The 15-inch version of the MacBook Air sounds as if it could be imminent.
According to a new report, Apple is “ramping up” the testing of the new machines “on a par” with the M2 chip set to arrive soon.
The well-connected Bloomberg reporter Mark Gurman was sent developer logs showing Apple is testing the machines with third-party Mac App Store apps in order to ensure they’re compatible.
The M2 Mac Mini just keeps dropping in price
Amazon has cut the price of the recently-released Apple Mac Mini M2 numerous times before, but those savings don’t tend to stick too long. This time the site has slashed a tempting 8% off the £649 price.
- Was £649
“That’s a necessary step in the run-up to the launch of a new device,” Gurman writes. He said that new device is likely to be the 15-inch MacBook Air, which would be the largest MacBook Air in the history of the range. They are typically 13.3-inches in size, but there have been 11.6-inch models in the past.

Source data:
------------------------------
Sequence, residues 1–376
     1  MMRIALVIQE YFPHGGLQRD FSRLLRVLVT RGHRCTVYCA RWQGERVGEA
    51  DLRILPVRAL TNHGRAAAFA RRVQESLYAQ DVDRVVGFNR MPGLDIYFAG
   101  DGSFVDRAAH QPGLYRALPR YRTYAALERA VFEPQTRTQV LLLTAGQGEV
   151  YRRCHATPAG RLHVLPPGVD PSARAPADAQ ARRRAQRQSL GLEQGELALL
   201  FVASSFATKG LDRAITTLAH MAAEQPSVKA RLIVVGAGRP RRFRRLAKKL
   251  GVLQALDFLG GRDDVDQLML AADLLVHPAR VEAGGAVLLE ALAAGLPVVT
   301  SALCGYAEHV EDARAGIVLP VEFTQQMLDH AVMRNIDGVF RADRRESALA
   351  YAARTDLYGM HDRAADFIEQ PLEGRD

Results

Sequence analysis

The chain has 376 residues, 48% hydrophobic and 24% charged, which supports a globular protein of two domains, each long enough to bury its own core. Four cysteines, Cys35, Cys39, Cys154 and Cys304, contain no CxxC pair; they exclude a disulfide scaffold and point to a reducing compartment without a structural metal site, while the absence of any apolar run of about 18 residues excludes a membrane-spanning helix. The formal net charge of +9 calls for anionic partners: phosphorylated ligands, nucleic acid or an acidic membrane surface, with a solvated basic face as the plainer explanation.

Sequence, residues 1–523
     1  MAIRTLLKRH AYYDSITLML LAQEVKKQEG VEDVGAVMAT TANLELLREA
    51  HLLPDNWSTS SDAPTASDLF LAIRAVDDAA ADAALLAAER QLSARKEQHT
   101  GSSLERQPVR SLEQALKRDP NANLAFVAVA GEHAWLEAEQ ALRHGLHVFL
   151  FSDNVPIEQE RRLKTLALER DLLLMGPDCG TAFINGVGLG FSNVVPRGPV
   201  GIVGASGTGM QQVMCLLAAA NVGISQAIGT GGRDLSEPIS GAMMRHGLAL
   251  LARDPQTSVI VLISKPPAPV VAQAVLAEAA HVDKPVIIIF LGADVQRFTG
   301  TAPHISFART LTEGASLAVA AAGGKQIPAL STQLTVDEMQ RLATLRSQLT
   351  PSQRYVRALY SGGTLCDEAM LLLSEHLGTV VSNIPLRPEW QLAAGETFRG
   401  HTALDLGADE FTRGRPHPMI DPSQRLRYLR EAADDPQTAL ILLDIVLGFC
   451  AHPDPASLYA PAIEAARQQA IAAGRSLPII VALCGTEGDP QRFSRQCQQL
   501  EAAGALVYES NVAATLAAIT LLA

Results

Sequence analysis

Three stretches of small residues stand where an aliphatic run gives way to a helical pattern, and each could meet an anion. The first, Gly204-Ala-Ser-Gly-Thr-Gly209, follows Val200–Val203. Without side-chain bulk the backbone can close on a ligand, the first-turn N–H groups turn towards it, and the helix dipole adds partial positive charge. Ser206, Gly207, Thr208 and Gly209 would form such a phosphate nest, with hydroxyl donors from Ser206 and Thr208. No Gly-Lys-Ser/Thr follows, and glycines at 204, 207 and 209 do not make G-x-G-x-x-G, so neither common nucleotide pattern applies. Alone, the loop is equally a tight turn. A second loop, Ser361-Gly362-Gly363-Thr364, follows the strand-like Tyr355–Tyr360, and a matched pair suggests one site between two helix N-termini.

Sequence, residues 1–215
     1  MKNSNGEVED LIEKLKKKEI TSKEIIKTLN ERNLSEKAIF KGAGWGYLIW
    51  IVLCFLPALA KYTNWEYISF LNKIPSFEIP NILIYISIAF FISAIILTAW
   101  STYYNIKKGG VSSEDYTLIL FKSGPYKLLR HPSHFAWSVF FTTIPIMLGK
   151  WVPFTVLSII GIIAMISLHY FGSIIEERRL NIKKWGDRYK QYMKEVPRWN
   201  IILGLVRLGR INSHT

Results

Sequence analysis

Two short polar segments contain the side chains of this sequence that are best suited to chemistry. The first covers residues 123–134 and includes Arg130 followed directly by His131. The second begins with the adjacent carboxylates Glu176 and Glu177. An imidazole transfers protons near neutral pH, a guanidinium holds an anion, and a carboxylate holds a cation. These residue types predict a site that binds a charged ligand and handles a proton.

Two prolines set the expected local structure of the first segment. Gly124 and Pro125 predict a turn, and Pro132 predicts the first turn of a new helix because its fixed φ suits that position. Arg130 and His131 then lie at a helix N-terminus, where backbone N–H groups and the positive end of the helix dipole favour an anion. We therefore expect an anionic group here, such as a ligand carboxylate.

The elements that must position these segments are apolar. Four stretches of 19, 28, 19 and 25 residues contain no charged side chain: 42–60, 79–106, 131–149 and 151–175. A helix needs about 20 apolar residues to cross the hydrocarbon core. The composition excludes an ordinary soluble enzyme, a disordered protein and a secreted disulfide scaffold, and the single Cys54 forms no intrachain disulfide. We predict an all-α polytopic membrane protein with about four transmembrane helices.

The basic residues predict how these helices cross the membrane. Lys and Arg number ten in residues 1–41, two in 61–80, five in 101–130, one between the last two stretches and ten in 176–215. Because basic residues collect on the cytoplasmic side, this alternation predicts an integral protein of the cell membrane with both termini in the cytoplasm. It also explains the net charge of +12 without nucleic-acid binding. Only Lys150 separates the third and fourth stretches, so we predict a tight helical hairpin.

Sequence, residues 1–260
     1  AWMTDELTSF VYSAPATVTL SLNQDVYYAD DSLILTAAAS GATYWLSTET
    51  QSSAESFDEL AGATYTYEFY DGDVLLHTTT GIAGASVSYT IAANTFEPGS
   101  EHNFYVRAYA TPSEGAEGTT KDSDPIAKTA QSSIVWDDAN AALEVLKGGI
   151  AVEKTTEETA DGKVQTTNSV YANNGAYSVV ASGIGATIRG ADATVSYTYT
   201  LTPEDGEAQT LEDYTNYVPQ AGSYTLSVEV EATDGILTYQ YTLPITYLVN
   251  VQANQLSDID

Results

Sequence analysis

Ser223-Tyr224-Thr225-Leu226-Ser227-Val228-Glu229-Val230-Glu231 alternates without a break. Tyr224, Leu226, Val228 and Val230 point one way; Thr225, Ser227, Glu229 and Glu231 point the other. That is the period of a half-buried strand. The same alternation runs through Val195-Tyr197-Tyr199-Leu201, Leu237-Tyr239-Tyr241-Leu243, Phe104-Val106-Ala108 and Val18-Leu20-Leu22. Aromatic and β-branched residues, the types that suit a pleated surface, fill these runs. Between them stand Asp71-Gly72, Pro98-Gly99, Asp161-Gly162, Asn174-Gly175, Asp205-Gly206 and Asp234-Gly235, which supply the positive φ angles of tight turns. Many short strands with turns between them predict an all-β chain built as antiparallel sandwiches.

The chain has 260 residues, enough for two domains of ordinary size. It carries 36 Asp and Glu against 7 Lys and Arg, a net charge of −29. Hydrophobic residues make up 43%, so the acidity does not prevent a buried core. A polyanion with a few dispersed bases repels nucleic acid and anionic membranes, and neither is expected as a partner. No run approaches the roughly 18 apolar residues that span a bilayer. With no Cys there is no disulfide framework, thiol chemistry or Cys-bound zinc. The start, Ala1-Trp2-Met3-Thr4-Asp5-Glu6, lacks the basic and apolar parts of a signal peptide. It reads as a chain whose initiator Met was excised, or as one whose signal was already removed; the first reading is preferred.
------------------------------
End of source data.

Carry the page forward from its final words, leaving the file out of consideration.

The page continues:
Gurman said the chip will have eight CPU cores and 10 graphical cores with a minimum of 8GB of RAM. He said the processors are “just like the current M2” and that almost certainly means they will be running on the M2.
The report says the resolution of the 15.3-inch display will match the 14-inch MacBook Pro, which means it’ll have slightly lower sharpness. The Macs Apple is currently testing, the report says, are already running on macOS 14, which will be revealed at WWDC on June 5.
Depending on when Apple chooses to launch the new MacBook Air 15-inch, it may still launch running on the current macOS 13 Ventura with a free upgrade this autumn. If Apple holds off the launch of the hardware until, say, October, it’ll be running macOS 14 out of the box.
Following the MacBook Air could be versions of the iMac, 13-inch MacBook Air and 13-inch MacBook Pro all running the as-yet-unreleased M3 processor. We’re also waiting on a potential new Mac Pro release.
“Apple is planning to refresh the 14-inch and 16-inch MacBook Pros in the first half of 2024 as well with higher-end versions of the M3 chip,” Gurman writes.